ASSESSING THE MAGNITUDE OF RECENT COMPOSITIONAL CHANGES IN MARINE ECOSYSTEMS: APPLYING THE CONSERVATION PALEOBIOLOGY APPROACH TO THE PERSIAN GULF
An under-exploited source of information is hidden in death assemblages (DAs), the taxonomically identifiable, dead or discarded skeletal remains on a seabed. DAs represent archives that accumulate information on species composition and community states over time and are inert to recent changes. Previous studies have shown that live-dead (LD) agreement (the extent to which DA community composition and structure match the LA ones) tends to be poorer in anthropogenically disturbed settings, because living assemblages (LAs) respond faster than DAs to pressures, thus increasing the LD disagreement in composition. Moreover, dating individual shells (using radiocarbon calibrated amino acid racemization) within a DA allows the timing of ecosystem change to be identified. These approaches help recognize community shifts in time, overcoming the lack of direct observation. We apply these techniques to assess the impacts of oil platforms on the benthic molluscan assemblages in the Persian (Arabian) Gulf.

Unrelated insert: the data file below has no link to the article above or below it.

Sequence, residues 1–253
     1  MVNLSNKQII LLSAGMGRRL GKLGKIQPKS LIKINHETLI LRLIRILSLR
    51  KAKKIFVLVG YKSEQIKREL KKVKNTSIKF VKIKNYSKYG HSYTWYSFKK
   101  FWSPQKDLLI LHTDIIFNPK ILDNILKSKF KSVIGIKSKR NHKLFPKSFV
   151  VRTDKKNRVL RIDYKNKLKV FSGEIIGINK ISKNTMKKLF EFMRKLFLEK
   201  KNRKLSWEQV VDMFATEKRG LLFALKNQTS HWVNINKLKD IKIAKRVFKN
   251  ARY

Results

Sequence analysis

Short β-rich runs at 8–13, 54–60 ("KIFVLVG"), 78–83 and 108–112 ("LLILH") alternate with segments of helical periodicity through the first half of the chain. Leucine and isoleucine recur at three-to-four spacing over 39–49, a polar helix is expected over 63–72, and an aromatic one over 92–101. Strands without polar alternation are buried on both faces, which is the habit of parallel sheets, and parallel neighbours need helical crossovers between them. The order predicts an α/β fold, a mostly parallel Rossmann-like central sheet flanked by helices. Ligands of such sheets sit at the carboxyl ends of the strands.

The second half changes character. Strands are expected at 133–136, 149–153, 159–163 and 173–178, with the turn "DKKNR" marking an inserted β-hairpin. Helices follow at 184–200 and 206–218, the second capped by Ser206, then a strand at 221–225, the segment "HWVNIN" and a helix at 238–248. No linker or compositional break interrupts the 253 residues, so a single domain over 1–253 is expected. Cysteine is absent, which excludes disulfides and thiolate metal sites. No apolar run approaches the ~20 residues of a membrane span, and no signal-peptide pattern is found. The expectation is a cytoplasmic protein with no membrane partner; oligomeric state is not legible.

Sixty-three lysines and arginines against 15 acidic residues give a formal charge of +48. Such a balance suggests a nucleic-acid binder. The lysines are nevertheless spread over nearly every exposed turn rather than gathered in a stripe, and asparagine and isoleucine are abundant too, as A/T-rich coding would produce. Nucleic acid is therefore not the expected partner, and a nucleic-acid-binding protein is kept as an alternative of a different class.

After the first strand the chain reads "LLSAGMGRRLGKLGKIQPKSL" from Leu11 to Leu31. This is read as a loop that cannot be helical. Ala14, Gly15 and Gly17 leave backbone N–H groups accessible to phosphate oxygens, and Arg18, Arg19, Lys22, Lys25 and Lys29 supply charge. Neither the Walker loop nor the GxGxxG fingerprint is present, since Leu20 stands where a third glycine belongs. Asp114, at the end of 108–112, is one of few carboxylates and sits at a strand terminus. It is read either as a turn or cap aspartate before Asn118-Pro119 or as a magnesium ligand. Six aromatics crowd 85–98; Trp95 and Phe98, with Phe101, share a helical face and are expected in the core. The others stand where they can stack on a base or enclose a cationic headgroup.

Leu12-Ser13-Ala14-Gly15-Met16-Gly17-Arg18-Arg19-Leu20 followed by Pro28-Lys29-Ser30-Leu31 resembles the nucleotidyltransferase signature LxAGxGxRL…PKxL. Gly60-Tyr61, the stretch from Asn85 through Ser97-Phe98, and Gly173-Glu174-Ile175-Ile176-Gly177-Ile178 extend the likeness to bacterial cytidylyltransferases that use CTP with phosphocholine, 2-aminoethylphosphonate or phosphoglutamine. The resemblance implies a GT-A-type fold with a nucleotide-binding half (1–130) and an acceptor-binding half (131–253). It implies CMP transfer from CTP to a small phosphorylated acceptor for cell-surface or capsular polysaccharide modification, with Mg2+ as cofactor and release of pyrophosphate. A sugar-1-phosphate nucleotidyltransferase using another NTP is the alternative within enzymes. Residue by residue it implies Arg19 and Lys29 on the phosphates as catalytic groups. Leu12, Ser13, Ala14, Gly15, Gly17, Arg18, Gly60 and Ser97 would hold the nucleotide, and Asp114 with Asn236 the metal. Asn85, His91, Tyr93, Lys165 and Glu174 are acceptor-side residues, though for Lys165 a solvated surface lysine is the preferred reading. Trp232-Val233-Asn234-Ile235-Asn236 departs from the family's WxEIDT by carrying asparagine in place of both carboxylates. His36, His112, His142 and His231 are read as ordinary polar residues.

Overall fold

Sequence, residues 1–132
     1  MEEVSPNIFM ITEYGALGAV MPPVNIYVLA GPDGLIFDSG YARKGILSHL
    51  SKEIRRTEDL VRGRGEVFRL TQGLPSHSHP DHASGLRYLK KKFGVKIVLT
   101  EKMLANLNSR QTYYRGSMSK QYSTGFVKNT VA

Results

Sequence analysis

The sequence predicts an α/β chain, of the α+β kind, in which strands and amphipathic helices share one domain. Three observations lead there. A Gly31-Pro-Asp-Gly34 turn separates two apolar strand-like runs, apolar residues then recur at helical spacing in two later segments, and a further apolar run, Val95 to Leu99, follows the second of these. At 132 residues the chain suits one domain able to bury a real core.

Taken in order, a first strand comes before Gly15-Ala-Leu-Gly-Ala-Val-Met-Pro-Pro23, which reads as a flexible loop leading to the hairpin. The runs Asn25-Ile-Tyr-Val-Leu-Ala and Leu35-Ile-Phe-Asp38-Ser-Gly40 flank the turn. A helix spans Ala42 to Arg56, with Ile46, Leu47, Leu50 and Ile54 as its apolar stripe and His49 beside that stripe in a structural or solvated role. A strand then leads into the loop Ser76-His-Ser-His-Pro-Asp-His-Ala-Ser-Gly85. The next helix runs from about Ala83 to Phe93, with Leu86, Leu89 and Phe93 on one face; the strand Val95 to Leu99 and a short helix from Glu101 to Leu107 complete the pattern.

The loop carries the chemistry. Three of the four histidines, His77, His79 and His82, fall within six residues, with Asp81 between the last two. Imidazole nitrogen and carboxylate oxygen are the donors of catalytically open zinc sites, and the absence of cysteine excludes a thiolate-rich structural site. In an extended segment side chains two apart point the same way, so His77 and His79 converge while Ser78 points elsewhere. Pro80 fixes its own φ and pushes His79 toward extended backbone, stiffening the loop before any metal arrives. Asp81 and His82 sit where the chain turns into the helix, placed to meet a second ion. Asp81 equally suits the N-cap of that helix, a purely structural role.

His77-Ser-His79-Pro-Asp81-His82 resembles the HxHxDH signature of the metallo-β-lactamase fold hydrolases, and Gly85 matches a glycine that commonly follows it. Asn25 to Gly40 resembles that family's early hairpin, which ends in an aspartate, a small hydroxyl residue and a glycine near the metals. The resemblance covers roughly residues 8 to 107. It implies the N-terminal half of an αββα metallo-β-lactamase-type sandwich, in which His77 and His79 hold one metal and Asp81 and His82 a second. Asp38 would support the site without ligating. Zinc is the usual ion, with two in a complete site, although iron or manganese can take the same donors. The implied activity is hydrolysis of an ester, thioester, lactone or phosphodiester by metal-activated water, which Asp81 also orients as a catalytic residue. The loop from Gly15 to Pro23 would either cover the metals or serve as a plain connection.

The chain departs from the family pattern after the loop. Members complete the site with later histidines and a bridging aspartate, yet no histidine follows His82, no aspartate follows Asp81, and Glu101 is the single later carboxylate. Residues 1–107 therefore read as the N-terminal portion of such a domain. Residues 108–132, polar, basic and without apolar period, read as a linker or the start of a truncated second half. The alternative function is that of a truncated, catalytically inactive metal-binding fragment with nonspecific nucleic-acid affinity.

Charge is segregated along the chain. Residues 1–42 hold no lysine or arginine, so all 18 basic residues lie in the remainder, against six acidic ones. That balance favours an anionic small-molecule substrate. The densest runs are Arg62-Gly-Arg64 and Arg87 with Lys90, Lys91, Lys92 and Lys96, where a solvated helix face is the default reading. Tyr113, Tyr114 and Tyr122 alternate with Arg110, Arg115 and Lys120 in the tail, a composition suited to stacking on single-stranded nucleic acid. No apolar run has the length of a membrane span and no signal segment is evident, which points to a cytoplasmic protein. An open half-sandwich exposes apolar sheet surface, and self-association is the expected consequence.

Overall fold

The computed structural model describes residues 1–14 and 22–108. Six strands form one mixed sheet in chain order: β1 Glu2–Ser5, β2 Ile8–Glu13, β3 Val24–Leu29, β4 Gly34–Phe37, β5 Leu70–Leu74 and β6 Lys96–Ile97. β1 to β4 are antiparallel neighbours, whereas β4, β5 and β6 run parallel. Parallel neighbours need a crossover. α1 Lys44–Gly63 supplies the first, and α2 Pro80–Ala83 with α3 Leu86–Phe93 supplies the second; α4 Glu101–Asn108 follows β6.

Contaminants show a weak gradient within each of two representative oilfields, which does not explain the spatial variation in taxonomic composition and abundance of the LA. Therefore, we expect the LD agreement to be mainly determined by time-averaging, inducing an increase in species richness and in evenness in the DA. In contrast to this expectation, rarefied species richness and evenness were not higher in the DA. Importantly, this finding was largely determined by the dominance in the DA of a single bivalve, Ervilia purpurea, which represented 40% of the whole DA, but was totally absent from the LA. By removing E. purpurea from the dataset, the results are in accordance with expectations. The ages of E. purpurea showed considerable spatial and temporal heterogeneity in production over the last decades and centuries, implying boom-and-bust population dynamics; its absence in LAs is thus unlikely related to the onset of oil platform production in the 20th century.